TITLE: TEMPLE FALLS
GENRE: MG Fantasy
Nara pushed her way through the soup of darkness. Her shoes clicked against the marble pathway towards the royal palace. Blackness covered her like a heavy cloak, weighing her down; even though it was only lunch time. The absence of daylight still gave Nara the creeps. It had been like this for three weeks. But she knew how to fix it.
And she would tell her stupid cousin, even though he hardly deserved it. Anything was better than living under a dark cloud all day, every day.
It was strange coming to the palace without her maidens and royal guardsmen. But now that Nara and her mom were no longer palace residents, the entourage was gone.
The guardsman at the palace gate, a fellow by the name of Warner who Nara had known since birth, bowed his head slightly as he pushed open the heavy iron gate letting Nara inside. “Good day, Lady Nara,” he pronounced.
Nara, with a dismissive flick of her wrist said, “Day? Is that what this is? I can’t tell anymore.”
The oppressive darkness covering the kingdom of Chernadova indeed made it hard to tell day from night. For three weeks, since the death of Nara’s father, it was as if the Gods decided it would be a good idea to cover the kingdom with a large, dirty, dishrag. And every day the dishrag grew dirtier.
“Yes, my Lady. It certainly is a strange phenomenon.” Warner paused for a moment, shuffling his feet before continuing.
There are a couple of mysteries here that immediately sucked me into this opening - What is the darkness hanging over the kingdom? How does Nara know how to fix it? Why doesn't Nara and her mother live in the palace anymore? I'd definitely keep reading to find out more.ReplyDelete
Just one comment, I'm slightly confused about Nara's age--the genre is MG and language like "gave Nara the creeps" and "stupid cousin" has a young feel to it, but when she's interacting with the guard, she seems older, or possibly precocious. It feels a little inconsistent?
The idea of it being dark all the time, and the girl knowing how to fix it intrigues me. I really like the 2nd to last paragraph where you describe the darkness as a dishrag.ReplyDelete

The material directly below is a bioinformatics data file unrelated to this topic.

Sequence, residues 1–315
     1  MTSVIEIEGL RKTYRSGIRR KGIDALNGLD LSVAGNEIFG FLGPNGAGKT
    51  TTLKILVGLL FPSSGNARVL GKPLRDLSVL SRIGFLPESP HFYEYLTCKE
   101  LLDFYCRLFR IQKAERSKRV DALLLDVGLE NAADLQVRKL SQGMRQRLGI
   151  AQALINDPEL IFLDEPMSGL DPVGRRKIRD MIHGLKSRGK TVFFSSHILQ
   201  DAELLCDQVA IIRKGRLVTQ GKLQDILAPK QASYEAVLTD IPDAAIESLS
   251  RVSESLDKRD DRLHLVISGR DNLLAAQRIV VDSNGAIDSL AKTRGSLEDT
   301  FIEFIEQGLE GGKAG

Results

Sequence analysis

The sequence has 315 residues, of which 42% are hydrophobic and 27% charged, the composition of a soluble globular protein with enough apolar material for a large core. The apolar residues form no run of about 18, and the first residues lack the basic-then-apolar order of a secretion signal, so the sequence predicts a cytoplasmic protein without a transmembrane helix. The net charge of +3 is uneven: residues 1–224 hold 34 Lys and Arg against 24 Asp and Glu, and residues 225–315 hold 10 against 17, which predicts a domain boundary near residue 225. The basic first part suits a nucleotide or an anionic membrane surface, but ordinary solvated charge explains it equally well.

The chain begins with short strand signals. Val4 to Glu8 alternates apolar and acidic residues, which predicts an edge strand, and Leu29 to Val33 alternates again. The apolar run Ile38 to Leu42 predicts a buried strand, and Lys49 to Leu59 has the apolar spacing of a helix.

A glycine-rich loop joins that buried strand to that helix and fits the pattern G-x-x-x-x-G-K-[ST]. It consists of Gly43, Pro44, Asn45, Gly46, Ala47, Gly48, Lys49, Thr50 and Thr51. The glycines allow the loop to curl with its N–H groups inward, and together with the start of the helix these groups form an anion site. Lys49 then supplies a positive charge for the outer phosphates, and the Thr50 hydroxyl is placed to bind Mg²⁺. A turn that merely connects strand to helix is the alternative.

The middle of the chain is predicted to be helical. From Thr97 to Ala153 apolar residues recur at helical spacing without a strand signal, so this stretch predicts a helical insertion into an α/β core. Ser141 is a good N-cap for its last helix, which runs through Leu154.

I think you could delete a few small things and rearrange a little to make this even stronger. I might get rid of the paragraph about no longer being palace residents, since it feels a little out of place, and rely on the guard knowing Nara as a clue to her belonging there. Later, you could bring in the real truth of her situation.
I might also consider bringing that great 2nd to last paragraph closer to the front and then, maybe, her ability to fix this and tell her "stupid cousin" could come near the end.
I do find this interesting and would read on to find out where the darkness is coming from and why.
Nice first paragraph descriptions, I am definitely feeling the weight of the darkness. She knows how to fix it--I want to know how, also why she was kicked out of the royal palace. Sounds really interesting.ReplyDelete
You've got some great lines that suck me right in - I love the first line about the "soup of darkness."ReplyDelete
Not sure you need the semicolon in the second sentence of the first paragraph. I might tighten that sentence up to say: ...cloak even though it was only lunch time.
But otherwise I think you've built a lot of questions in my mind, and I would keep reading. Best of luck with this!
There's a lot of info dumped here, including too much telling and repetition, to the point that the story is bogged down.ReplyDelete
For example, the first paragraph mentions the darkness three times. And a quick count shows eight references to the darkness within the first 250 words alone.
With so much stuffed into one short opening, the reader doesn't know what to focus on. So I suggest cutting back quite a bit to the info that readers need to know right now, and then intersperse the rest of it through the opening chapters.
And only one or two direct references to the darkness. Really. It's hitting readers over the head and does nothing to move the story forward.
I really like that this is MG and not YA. I also like that Nara is a total brat. It hints she'll have a lot of growth and I think that's pivotal for MG.ReplyDelete
You've got a lot going that would interest me: A fantasy setting that could also cross-genre as a historical. A heroine with attitude who is smart. Writing that harkens back to MG fantasists like Diana Wynne Jones and Patricia C. Wrede.
I think the interesting thing here is what she can do to 'fix' the darkness, and why, in three whole days, she hasn't fixed it. Why wait for her cousin to do something? Her reason not to act (if you mentioned what it was) would let the reader know what kind of person she is.ReplyDelete
Thank you all for your wonderful comments. They are so appreciated.ReplyDelete
Secret Agent - I do see your point about hitting the reader over the head with the image of darkness. Great feedback! Thanks for taking the time to review this.